Failing as part of the process

Failing as part of the process

After reading a chapter on cuttlefish casting from Anastasia Young’s Workbench Guide to Jewelry Techniques, I felt instantly motivated to give it a try.

I was lucky to have met Anastasia in person a couple of years ago, when I attended her resin classes at Central St Martins, London. So I knew that she’s an excellent teacher and the written instructions were very clear and straightforward. I was certain that it would work…. but it didn’t.

Despite that, I will describe the process, in case you’d like to give it a shot too.

First, I sanded two pieces of cuttlefish bones, until they were flat:

cuttlefish casting
cuttlefish casting

I decided to use one of my shells for casting and pushed it halfway onto the surface of the bone:

cuttlefish casting

I also pushed three small pieces of toothpick around the shell, which would help in aligning the two bones:

cuttlefish casting

I gently pushed the two bones so that they would meet, while the shell was still inside. Cuttlefish bones are fragile and inevitably I broke a few before I figure out how much pressure they could take.

cuttlefish casting

Next, I removed the shell from the mold and brought the two bones back together. I also curved a pouring channel using a sharp knife. The picture below was taken before carving the channel so you can’t see it in this photo:

cuttlefish casting

I melted some silver into a crucible and added a small quantity of borax. I held the bones in place using cross-locking tweezers. I should have also used binding wire but I forgot it.

cuttlefish casting

When the metal was molten, I tried to pour it inside the channel and this is the stage where I encountered the main problems. I couldn’t get the metal inside the mold, it had already cooled and stayed in the pouring channel.

cuttlefish casting

I ended up burning the top part of the bones as I was trying to direct the flame towards the metal but also stay as close as possible to the mold. I tried several more times and once I managed to get some of the silver inside the mold but the casting wasn’t any good:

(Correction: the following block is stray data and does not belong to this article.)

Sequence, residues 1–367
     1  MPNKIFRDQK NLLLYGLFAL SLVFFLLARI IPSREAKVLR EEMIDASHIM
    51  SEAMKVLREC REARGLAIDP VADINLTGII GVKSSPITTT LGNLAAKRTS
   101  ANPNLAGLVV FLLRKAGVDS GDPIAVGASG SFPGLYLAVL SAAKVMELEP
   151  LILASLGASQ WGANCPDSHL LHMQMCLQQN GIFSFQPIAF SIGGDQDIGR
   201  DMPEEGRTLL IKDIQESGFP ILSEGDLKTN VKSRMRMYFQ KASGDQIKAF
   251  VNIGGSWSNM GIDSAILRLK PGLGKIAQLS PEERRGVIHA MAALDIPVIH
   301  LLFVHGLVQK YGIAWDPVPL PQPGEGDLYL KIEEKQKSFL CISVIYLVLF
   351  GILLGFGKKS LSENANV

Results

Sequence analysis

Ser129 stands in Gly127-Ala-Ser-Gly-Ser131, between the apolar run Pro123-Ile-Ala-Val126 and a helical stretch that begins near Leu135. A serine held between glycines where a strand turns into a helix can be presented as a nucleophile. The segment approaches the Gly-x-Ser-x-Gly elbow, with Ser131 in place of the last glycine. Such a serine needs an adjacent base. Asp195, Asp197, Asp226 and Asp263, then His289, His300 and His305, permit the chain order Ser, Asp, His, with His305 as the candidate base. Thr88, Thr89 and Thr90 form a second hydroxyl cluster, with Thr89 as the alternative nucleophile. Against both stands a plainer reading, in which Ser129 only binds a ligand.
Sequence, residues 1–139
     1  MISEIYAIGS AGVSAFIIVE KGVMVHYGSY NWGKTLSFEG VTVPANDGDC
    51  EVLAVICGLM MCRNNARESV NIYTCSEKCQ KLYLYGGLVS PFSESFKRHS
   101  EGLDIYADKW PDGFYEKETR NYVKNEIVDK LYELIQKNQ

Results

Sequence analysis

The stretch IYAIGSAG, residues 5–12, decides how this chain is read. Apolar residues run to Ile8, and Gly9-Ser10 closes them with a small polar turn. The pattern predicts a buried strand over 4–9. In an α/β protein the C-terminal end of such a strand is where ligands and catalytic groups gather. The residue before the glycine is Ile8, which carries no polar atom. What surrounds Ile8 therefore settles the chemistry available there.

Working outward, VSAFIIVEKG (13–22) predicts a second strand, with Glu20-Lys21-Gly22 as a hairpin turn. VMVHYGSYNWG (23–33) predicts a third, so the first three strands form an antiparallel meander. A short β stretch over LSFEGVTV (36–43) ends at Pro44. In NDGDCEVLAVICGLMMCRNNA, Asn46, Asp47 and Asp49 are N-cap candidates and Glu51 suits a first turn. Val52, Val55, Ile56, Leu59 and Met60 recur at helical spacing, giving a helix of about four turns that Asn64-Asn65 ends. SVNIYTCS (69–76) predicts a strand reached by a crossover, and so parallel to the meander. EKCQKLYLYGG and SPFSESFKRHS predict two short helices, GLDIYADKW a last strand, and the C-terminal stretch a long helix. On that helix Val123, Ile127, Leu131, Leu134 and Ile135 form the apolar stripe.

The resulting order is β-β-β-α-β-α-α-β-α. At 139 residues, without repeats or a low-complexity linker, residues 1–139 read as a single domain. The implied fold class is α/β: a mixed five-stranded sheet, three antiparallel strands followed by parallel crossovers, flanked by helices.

cuttlefish casting

My first cuttlefish casting experiments didn’t go as I anticipated but I wasn’t disappointed. I still learned a lot from this process. It seemed that either my torch couldn’t sustain the heat for too long or I needed practice with my pouring skills.

If you happen to have done cuttlefish casting before, I would love to hear any tips that you might have. And if you’d like to try it for the first time like I did, let me know how it went. I love to hear such stories!

Thanks for visiting!

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what an idea!!! it is terrific! i can believe it won’t burn!!!
Bravo Maria! sure you will manage to get the metal hot enough longer…
do i write english? not sure!
i’m still °8°!!!!

Thank you Eva! It’s a very old technique and you can have great results with minimal supplies. Just need to practice a bit more until I get it right grin

have you added borax? this is very good video about casting into delft clay which should be quite similar…
Great things you are making btw!

Thank you for your comments and also for the link Metka! I’ll watch it right now grin
If I remember correctly I must have added borax when I was melting the silver.

hello maria,  i just stumbled upon your site while looking at Lorena Angulo’s work.  i have done a little bit of cuttlefish casting….it is definitely a trial and error process.  make sure that your sprue channel and opening are big enough to handle the amount of metal you want to pour and you must do it quickly but not too quickly….there is a balance there that you have to learn. please keep at it….you do such lovely work!

Thank you so much Pamela! Your help is so valuable. Next time I try this I will definitely make the sprue channel bigger. I also need to work on how I’m pouring the molten metal.

Hello, Maria.

Just found your blog via RAW on Flickr and browsed for the better part of the last two days. I just started my metalsmithing journey and I also gave a try to cuttlefish casting. I think it would go a lot easier if the pouring channel would be a bit wider.
Good luck and I’ll be back!

Hi Anka,
I’m glad that you enjoyed reading my blog! Thank you for the tip about cuttlefish casting. I plan to try it again this summer and the pouring channel is definitely going to be wider this time grin
Btw, you have a great blog, can’t wait to find the time to read it in depth!
Good luck with your metalsmithing journey and please let me know if you need any help.

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